There were times when homes were sold “as-is” and the service of a home stager was non-existent. One could wonder why it’s needed today. Staging is not new, it first gained a reason for existence in the 1980s, and after the mid-2000s became a must-have when selling a house in the US.
Why is it better to show a house for sale staged than ‘unstaged’ (i.e. empty – without furniture or with all the furniture and items that belong to a family)?
Buyers don’t know what they want until you show them. If you stage a home properly, your potential buyer can imagine living there right away. Realtors have always advised sellers on techniques for improving the look of the house (e.g. picking up clutter, hiding dirty dishes in the dishwasher) to make buyers feel comfortable. But effectively preparing a house so that it can show its best is much more than these ‘clean-up’ and other similar tips. An owner can’t usually see through the things they are attached to in their house. A stager can help you make your home desirable for a buyer.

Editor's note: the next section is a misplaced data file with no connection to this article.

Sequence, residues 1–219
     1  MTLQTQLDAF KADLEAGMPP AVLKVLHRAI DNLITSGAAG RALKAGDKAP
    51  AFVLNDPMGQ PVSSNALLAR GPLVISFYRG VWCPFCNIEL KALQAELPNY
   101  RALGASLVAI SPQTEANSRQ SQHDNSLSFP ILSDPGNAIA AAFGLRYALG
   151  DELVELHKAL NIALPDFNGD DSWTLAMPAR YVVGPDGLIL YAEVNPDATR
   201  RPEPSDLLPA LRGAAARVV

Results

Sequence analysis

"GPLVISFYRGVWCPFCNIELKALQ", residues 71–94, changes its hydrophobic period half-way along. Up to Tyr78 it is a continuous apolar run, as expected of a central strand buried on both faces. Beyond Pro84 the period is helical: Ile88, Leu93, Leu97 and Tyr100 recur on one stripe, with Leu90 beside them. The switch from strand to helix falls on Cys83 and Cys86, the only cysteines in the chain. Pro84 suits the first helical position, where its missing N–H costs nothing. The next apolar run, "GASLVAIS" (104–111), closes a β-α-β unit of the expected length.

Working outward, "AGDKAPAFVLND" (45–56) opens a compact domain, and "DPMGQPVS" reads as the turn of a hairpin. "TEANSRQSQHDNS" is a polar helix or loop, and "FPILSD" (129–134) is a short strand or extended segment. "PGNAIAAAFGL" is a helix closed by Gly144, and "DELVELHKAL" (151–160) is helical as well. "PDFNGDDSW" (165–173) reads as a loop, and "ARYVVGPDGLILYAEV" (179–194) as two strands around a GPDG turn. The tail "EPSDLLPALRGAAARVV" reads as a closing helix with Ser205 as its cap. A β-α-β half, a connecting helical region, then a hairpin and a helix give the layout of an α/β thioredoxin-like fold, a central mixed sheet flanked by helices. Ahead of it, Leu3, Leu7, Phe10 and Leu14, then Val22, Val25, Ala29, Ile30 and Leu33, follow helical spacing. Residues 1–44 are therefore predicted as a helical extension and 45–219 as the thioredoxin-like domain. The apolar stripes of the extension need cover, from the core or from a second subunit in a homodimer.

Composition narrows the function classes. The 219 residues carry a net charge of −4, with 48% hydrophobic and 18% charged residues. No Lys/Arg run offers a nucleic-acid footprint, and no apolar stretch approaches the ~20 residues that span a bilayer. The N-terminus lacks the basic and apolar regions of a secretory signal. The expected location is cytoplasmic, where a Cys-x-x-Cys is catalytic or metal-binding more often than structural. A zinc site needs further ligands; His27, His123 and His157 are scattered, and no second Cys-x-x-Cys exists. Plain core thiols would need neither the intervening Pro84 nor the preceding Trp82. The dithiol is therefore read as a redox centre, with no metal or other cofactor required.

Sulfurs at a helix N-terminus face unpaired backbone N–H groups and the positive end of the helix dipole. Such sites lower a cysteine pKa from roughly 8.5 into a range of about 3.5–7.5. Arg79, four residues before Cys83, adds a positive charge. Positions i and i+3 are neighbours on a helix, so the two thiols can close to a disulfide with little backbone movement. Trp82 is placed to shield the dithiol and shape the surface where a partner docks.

Staging definitely has its costs, but is it worth to invest in it?
As you see the choice of the word, staging is an investment. If you stage your home before selling with a clean, neutral layout, it can be sold faster than an ‘unstaged’ home.
The Real Estate Staging Association (US) tracked 174 unfurnished homes for sale in 2011, and they found that these stayed on the market for 156 days. When they staged the same properties and relisted them, they sold in an average of 42 days. (See more statistics on home staging here.)
When selling a staged home, your price can be higher as well (2-10% in a moderate market or even 20-50% in case of a luxury home).
You can save money because of the faster deal (you don’t need to pay your mortgage for example).
Do you think home staging can help you too?
(Photo: Jeri Koegel)